• Cyberharassment and cyberbullying: individual and institutional perspectives

      Short, Emma; Brown, Antony; Barnes, Jim; Conrad, Marc; Alhaboby, Zhraa Azhr; Pitchford, Melanie; Conradie, Liesl; Stewart, Gavin Andrew; Dobocan, Georgiana Alexandra; University of Bedfordshire (Interactive Media Institute (IMI), 2016-01-01)
      Research on finding a relationship between institutional policy and the proliferation of cyberstalking, cyberharassment and cyberbullying in young adults, is limited. It has been reported that stalking on university campuses has a different profile than stalking nationally because of the nature of their mate-seeking age, proximity of the perpetrator to its victim and the ease of accessing personal information. This study gathered data on the experiences of cyberstalking and attitudes to aggressive online communication from a student and staff population. Results suggest that online communication is ambiguous and there is a need for online norms, to which young people can adhere, university staff reported regular online abuse as part of their working lives. Participants were generally not aware if the university had an Acceptable Internet use policy (AIUP). Moreover, participants were sensitive to being harassed and while being aware of how they were affected by the online behaviour of others, there was less certainty of the effects of their own behaviour. © 2016 by Interactive Media Institute
    • The impact of cyberstalking: the lived experience - a thematic analysis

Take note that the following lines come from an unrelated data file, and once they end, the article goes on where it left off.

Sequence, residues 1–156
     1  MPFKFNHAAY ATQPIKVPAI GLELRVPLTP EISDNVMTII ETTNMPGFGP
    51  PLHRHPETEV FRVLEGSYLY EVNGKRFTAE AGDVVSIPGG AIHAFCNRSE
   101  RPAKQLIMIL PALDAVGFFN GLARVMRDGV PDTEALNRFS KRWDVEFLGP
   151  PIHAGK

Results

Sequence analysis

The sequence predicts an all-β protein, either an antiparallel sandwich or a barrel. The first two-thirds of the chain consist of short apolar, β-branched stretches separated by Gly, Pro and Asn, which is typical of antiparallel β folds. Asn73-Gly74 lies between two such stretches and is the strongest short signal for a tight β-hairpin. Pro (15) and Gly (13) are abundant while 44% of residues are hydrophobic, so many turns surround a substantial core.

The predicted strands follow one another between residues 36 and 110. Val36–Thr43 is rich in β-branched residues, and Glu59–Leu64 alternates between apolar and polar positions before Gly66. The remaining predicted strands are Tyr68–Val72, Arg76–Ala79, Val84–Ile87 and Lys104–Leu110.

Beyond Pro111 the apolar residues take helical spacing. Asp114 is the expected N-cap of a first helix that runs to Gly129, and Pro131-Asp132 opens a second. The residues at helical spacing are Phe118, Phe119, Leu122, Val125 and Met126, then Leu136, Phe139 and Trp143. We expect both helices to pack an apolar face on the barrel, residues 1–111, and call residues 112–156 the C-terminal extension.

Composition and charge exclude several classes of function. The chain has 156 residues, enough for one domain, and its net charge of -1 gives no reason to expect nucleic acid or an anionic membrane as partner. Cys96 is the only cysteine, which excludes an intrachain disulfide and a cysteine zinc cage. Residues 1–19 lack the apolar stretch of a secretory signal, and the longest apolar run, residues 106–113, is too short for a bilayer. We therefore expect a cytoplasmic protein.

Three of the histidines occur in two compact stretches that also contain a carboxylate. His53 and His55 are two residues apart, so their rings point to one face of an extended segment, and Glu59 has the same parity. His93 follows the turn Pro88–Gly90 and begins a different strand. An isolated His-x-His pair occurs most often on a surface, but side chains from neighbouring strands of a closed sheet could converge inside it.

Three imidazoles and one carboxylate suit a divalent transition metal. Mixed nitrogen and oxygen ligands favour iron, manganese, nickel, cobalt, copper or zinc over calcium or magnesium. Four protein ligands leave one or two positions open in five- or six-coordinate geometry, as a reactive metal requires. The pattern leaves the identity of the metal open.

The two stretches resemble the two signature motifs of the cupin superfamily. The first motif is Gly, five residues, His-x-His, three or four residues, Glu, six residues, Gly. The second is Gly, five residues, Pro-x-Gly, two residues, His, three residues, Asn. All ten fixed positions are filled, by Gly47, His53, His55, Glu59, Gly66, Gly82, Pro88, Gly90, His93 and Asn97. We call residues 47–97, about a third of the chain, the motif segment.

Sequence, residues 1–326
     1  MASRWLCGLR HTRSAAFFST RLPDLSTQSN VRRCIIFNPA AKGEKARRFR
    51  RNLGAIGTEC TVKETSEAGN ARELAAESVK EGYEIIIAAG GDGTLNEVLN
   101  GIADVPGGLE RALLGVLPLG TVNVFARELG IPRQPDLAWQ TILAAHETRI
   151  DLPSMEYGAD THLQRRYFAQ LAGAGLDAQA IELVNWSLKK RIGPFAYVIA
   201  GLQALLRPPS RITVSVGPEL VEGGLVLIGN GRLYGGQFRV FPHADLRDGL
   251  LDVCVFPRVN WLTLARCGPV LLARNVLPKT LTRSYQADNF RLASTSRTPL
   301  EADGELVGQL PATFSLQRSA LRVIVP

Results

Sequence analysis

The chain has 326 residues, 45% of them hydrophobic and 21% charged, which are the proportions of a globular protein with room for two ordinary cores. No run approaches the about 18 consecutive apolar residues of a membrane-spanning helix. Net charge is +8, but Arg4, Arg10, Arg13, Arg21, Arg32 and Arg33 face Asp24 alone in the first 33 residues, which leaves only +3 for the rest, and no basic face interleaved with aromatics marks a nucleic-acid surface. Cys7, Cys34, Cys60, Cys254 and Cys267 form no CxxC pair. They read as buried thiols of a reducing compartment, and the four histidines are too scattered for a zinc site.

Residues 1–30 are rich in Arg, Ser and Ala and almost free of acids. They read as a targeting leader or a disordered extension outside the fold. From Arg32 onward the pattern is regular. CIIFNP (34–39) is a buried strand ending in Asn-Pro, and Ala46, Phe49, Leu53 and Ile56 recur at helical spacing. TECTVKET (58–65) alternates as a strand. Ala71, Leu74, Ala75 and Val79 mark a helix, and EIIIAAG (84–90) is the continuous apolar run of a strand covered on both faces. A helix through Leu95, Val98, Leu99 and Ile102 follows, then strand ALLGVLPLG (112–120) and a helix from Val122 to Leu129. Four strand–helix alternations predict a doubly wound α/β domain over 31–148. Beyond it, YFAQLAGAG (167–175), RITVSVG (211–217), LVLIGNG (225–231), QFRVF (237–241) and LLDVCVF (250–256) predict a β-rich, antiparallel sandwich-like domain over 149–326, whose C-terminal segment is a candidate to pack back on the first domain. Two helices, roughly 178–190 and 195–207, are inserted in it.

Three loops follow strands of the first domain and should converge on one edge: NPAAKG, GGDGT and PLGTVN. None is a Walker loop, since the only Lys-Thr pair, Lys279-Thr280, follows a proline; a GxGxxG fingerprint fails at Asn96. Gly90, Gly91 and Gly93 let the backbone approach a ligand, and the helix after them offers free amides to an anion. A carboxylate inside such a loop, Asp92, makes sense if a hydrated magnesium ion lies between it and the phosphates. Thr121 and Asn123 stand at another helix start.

Short, Emma; Linford, Sarah; Wheatcroft, Jacqueline M.; Maple, Carsten; (Virtual reality med institute, 2014-12-31)
      Cyberstalking (CS) can have major psychosocial impacts on individuals. Victims report a number of serious consequences of victimization such as increased suicidal ideation, fear, anger, depression, and post traumatic stress disorder (PTSD) symptomology. Research is largely limited to quantitative outcome research. This study examines the diversity of experiences reported by people who define themselves as having been cyberstalked. Thematic analysis was used to explore 100 CS victim narratives, gathered by means of an online survey questionnaire designed to capture structured text responses. Five emergent themes were evident in the data: control and intimidation; determined offender; development of harassment; negative consequences; and lack of support. Findings identify similarities and differences to traditional stalking, along with the necessity of support for victims and illustration of the negative impacts this form of harassment produces.
    • Revenge porn: findings from the Harassment and Revenge Porn (HARP) Survey - preliminary results

      Short, Emma; Brown, Antony; Pitchford, Melanie; Barnes, Jim (Interactive Media Institute (IMI), 2017-06-30)